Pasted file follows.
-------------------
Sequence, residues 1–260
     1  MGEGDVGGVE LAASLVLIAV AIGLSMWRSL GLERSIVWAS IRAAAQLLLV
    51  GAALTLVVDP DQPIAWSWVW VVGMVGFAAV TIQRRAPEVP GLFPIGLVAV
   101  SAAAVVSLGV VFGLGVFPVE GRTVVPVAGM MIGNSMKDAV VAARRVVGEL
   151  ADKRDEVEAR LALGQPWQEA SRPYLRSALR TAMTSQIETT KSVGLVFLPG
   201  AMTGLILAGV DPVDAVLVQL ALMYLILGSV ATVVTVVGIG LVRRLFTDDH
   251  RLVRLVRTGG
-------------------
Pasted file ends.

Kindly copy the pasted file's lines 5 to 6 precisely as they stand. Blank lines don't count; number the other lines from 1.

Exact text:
   151  ADKRDEVEAR LALGQPWQEA SRPYLRSALR TAMTSQIETT KSVGLVFLPG
   201  AMTGLILAGV DPVDAVLVQL ALMYLILGSV ATVVTVVGIG LVRRLFTDDH